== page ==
The “Choline Vegan Crisis”: A Pseudo-Event Ignited By The Media and an Author With Meat and Dairy Support

Joel Kahn
Joel Kahn
Aug 31 · 4 min read

There are dozens of headlines in the media this week that are scary! The “Choline Crisis “ may be upon us and we are unaware, at least in the UK. Prior to the publication this week of an opinion piece by Emma Derbyshire, Ph.D. in the British Medical Journal (BMJ) Nutrition, Prevention and Health, there was no impending choline crisis recognized. Derbyshire did not publish any original research on choline and health. The publication was a hypothesis about the role of choline in health and the potential risk of the trend towards more plant-based diets. The headlines did not point out that her work was her opinion and lacked any new data. Yet the headlines read:

1) Vegan diets ‘risk insufficient intake’ of nutrient critical for brain health

2) Meat-free diet ‘lacks vital nutrient for healthy brain’

3) Plant-based diets risk ‘dumbing down’ the next generation, nutritionist warns

4) Could we be overlooking a potential choline crisis in the United Kingdom?

Even the British Medical Journal joined in the hype with a newsroom headline that read:

5) Suggested move to plant-based diets risks worsening brain health nutrient deficiency

What Were Dr. Derbyshire’s Summary Points?

· Choline is a critical nutrient needed for neurocognition, lipid metabolism, liver function and homocysteine regulation.

· The majority of Europeans, American, Canadian and Australian populations are not meeting choline AI recommendations.

· Eggs, milk and meat appear to be major dietary providers and further movements away from the consumption of these could have unintended consequences for choline intake/status.

· Ongoing nutrition research must study ‘long-term’ intakes of choline e.g. using food frequency questionnaires rather than 24-hour recalls, which will give a more reliable picture of choline intakes.

· More needs to be done to educate health care professionals and consumers about the importance of a choline-rich diet and how to achieve this.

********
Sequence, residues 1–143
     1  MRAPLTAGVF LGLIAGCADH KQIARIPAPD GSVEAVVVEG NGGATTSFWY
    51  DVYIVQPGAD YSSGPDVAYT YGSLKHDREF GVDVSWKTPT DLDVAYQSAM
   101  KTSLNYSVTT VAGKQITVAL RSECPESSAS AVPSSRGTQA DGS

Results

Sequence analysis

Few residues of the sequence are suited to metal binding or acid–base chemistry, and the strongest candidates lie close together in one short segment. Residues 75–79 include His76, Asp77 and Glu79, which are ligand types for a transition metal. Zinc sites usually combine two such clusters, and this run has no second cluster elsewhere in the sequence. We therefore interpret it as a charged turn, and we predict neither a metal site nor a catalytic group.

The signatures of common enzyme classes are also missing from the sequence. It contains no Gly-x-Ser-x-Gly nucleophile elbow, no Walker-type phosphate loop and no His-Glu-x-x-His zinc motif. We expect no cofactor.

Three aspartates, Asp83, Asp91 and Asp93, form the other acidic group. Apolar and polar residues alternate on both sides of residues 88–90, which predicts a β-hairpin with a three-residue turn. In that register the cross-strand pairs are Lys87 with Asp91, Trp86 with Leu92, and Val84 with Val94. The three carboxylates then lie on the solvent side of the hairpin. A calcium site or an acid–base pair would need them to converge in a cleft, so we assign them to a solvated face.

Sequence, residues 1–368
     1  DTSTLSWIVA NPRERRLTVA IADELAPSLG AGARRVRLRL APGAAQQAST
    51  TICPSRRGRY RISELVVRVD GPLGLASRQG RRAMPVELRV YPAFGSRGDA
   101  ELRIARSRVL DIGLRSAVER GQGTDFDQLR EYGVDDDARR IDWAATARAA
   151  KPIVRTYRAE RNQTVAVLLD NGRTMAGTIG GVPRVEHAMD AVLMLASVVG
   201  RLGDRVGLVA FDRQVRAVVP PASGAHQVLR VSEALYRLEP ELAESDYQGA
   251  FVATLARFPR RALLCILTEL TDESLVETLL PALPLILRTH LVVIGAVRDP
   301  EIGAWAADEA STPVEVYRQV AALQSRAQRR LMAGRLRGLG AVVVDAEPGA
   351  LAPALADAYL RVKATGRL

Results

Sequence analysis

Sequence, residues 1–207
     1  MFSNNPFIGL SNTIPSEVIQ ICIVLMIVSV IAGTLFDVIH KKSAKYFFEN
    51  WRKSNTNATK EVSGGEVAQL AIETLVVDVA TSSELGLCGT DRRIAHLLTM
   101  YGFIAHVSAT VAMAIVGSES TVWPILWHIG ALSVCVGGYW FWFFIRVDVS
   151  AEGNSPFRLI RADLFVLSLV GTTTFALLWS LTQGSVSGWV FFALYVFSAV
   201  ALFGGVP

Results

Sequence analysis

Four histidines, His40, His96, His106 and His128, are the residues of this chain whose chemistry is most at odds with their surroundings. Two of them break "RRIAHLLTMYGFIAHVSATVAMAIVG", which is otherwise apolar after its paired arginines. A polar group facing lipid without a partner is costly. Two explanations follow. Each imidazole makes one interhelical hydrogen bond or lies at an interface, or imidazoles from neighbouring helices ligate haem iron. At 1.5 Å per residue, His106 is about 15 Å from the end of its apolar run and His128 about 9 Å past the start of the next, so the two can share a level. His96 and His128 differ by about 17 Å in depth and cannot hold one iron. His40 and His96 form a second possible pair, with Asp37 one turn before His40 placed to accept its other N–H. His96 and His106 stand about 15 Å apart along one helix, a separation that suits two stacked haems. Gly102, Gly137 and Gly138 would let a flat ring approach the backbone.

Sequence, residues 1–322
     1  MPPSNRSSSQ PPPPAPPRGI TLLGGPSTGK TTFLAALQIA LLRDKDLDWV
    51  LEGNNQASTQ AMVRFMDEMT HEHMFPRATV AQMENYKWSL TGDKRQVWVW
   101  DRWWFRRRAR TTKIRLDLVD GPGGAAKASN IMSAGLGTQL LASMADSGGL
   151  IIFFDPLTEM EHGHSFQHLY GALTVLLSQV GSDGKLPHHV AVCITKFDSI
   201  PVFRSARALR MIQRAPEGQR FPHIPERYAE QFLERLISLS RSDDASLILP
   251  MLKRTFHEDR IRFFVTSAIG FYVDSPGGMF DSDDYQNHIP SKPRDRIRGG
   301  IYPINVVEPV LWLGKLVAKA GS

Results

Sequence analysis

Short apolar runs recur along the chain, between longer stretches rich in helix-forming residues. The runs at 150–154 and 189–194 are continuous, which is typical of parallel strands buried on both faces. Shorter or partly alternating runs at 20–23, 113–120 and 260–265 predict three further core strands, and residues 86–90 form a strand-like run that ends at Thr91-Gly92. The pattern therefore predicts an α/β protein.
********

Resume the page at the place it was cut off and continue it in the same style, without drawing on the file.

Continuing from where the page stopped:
· If choline is not obtained in the levels needed from dietary sources per se then supplementation strategies will be required, especially in relation to key stages of the life-cycle such as pregnancy, when choline intakes are critical to infant development.

What Are Some Facts to Consider Before You Rush to the Butcher Shop?

1) Easily searchable is the fact that Dr. Derbyshire serves on the expert panel for the Meat Advisory Board, whose purpose is to provide information on meat in a healthy, balanced diet. Her prior work includes funding by the Agriculture and Horticulture Development Board, representing the interests of beef, lamb, pork, and dairy producers. This does not prove a bias, but it does not exclude it either. Clearly, the opinion piece suggested eating meat was healthy.

2) There was no mention of trimethyl-N-amine oxide (TMAO) and choline. TMAO was described in 2011 as a metabolite formed by the ingestion of red meat, egg yolk, and supplements with choline and L-carnitine that promote platelet clumping and atherosclerosis. Elevated levels of TMAO have been associated with higher mortality rates in certain patient groups. Even a brief review of recent original research would have revealed that choline supplements may increase platelet aggregation as has been shown. Derbyshire chose to ignore over 1,000 citations regarding TMAO in the National Library of Medicine.

3) Ignored were Comments by the Academy of Nutrition and Dietetics who published a guideline regarding vegetarian and vegan diets without commenting on a choline crisis.

4) Ignored were Comments by the National Institutes of Health on the rarity of choline deficiency syndromes. This comprehensive document indicated there was insufficient data to establish estimated average requirements for choline.

5) Ignored were data associating a higher dietary choline level and all-cause mortality.

6) The association of choline levels and certain cancers, and their malignant behavior, was not mentioned.

7) Omitted was the fact that of the top 12 dietary sources of choline listed by the National Institutes of Health, 6 are whole plant foods including roasted soybeans, shitake mushrooms, red potatoes, wheat germ, kidney beans, and quinoa with Brussels sprouts, broccoli, and peanuts close behind on the list.

What Has Happened Since the Publication of Crisis Piece?

The Vegan Society published a response to the article by saying “These reports have misrepresented the evidence base and suggested that vegan nutrition is unhealthy due to a lack of choline, particularly for children-this is NOT true”.

The British Dietetic Association spokesperson Bahee Van de Bor said that “You absolutely can meet the requirements with a vegan or plant-based diet. “But you have to have a plan. Foods can be vegan but not provide the necessary nutrients.” A spokesman for the British Nutrition Foundation added: “It’s likely that a healthy and varied vegetarian or vegan diet would provide some dietary choline”.

What to Do?

It is worth studying the table for the content of choline in food types. If you eat a plant-based diet, focusing on a variety of foods, some of which are rich in choline, is a good plan. Choline blood levels are not routine assessments. One would hope that the increase in whole plant foods will lead to an impending crisis of another kind in the UK and across the world: empty hospitals, clinics and pharmacies.

Joel Kahn

Written by

Joel Kahn

Professor of Cardiology, Summa cum Laude grad, Kahn Center for Longevity and GreenSpace Cafe. www.drjoelkahn.com @drjkahn. Author The Plant Based Solution NEW

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